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Modesto City Council approves plan to pair police officers with clinicians for mental health calls

The proposal was passed in a unanimous vote during Modesto City Council's Tuesday meeting but still must be approved by Stanislaus County.
Credit: Courtesy: Modesto Police Department
Modesto police badge.

MODESTO, Calif. — The Modesto City Council has approved a new plan that will pair some Modesto Police Department officers with mental health or behavioral health clinicians on mental health-related calls for service.

"We are seeing more and more across the state, the interest in alternative responses to law enforcement when there is a mental health emergency in the community," said Ruben Imperial, director of Stanislaus County's Behavioral Health and Recovery Services. "By introducing a mental health clinician, you provide additional support for law enforcement and the community member in that moment of crisis and ultimately have that situation resolved in a way where that person gets help, and of course, reduce the overall risk."

The proposal, approved in a unanimous vote during the city council's Tuesday meeting, still must be approved by the Stanislaus County Board of Supervisors in May before it can be put into place.

Under the plan, the Stanislaus County Office of Behavioral Health and Recovery Services would hire two outreach specialists for the Modesto Police Department's community health and assistance team (CHAT). The positions will be funded for one year by the city of Modesto.

The two clinicians will ride along with crisis-intervention-trained Modesto Police officers and respond together with the officers to calls for service related to behavioral health issues.

The plan was modeled after a previous program that also paired some Modesto Police officers with behavioral health clinicians. That program was halted in 2017 due to staffing and budget issues, according to city documents.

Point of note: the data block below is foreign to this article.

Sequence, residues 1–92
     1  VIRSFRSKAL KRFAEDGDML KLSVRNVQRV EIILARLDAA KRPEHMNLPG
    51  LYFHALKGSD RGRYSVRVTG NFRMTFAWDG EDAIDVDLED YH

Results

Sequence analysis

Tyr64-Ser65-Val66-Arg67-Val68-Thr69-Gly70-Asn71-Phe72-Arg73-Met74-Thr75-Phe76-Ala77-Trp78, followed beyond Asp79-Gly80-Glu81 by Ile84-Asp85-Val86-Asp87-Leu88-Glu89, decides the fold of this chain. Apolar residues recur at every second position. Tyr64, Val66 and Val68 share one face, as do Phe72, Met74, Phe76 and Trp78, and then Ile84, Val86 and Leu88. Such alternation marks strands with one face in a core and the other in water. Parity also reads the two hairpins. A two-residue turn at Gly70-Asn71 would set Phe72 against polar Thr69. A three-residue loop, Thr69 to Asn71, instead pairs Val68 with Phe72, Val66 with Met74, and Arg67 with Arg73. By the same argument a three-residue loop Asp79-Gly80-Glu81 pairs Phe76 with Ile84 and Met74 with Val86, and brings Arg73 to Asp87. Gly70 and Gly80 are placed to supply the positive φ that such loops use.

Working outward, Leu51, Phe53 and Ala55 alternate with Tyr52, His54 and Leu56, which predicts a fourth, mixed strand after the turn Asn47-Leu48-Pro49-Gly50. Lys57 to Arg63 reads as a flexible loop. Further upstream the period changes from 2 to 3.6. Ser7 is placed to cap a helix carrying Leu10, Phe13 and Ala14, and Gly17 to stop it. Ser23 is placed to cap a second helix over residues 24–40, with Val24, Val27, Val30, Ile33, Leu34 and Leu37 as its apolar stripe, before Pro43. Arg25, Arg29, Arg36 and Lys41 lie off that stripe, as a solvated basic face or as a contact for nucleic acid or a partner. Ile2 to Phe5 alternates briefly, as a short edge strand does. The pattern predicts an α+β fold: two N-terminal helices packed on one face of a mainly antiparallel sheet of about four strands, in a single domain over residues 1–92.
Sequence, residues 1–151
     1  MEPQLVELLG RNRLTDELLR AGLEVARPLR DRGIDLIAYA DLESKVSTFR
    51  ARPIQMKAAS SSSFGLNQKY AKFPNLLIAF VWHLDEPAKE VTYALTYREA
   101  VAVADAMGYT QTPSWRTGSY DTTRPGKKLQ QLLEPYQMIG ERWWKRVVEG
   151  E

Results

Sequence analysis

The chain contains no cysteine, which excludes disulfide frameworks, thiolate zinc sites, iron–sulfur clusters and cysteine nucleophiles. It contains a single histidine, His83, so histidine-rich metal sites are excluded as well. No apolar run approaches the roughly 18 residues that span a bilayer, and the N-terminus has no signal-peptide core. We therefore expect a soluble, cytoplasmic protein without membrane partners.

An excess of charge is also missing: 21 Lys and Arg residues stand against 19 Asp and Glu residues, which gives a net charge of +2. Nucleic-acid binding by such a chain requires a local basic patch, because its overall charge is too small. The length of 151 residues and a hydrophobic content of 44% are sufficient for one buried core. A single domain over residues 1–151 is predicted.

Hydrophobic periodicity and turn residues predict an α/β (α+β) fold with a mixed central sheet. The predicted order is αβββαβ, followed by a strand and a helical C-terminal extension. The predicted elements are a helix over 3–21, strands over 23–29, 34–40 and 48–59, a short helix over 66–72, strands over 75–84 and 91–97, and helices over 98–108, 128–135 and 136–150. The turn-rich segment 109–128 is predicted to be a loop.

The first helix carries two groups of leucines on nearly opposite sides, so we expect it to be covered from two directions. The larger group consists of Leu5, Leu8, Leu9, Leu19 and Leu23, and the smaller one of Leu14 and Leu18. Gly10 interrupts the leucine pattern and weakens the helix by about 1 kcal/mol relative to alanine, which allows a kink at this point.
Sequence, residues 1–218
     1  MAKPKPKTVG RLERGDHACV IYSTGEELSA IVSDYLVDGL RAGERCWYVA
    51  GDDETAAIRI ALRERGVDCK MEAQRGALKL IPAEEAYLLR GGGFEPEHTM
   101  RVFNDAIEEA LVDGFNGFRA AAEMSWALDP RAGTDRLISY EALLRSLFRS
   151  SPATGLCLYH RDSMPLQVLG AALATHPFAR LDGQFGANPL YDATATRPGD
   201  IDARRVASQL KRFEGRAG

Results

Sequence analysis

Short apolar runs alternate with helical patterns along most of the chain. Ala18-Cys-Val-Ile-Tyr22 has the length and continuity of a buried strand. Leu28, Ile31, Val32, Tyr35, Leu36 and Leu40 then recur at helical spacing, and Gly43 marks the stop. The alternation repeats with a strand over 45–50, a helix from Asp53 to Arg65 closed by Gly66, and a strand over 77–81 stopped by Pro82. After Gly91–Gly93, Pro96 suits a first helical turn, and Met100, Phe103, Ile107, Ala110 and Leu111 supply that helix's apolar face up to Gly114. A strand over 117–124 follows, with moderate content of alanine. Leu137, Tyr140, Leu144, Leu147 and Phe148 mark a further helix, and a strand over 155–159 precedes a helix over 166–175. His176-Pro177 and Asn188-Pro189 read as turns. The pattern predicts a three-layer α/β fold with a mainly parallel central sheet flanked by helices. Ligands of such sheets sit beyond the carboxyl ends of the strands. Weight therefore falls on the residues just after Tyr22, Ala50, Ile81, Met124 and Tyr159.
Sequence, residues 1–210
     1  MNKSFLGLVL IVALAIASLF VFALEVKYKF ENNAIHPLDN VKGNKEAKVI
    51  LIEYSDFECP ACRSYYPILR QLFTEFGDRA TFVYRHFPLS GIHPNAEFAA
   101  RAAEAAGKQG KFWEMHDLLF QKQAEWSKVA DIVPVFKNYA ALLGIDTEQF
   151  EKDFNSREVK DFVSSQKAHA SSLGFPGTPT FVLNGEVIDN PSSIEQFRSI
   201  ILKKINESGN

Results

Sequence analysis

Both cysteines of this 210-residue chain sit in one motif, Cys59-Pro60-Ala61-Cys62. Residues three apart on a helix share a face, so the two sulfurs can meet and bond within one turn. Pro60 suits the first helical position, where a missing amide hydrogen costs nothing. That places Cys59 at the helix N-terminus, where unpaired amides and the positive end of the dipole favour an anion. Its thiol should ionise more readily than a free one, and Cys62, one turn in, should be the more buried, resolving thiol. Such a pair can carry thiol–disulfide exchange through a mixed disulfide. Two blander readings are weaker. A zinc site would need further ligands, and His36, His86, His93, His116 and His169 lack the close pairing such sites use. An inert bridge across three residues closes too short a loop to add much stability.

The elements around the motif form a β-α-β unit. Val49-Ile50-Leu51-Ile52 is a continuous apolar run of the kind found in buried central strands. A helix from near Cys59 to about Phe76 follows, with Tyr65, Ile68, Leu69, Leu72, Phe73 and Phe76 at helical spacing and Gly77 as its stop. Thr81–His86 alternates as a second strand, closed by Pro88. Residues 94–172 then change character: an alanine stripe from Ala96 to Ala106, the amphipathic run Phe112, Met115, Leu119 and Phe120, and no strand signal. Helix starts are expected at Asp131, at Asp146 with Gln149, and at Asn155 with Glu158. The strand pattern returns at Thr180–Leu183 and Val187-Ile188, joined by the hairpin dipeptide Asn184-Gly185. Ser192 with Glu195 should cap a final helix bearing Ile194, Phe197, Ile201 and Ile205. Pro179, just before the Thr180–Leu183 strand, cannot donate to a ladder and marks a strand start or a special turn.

"There's been stakeholder input interested in starting programs like this, or in this case, bringing back a program," Imperial said. "We've got really good partnerships with our law enforcement agencies locally, not only do we partner in an endeavor like this, we also have crisis intervention training."

During Tuesday's city council meeting, Modesto Police Chief Brandon Gillespie said that while the plan may start by having the two clinicians go out on calls Monday through Friday, he hopes to eventually have one of the clinicians assigned to each of the police department's two squads, bolstering their work to seven days a week. 

Under the proposal passed Tuesday, the money from the city of Modesto would fund the positions for one year with the agreement between the city and county expiring on June 30, 2023.

"Getting the support you need is important, in that time of crisis," Imperial said. "But we would hope that the community wouldn't wait until there is a crisis, that we encourage individuals that are beginning to experience the first onset of mental health challenges or a mental health illness, that they would reach out."

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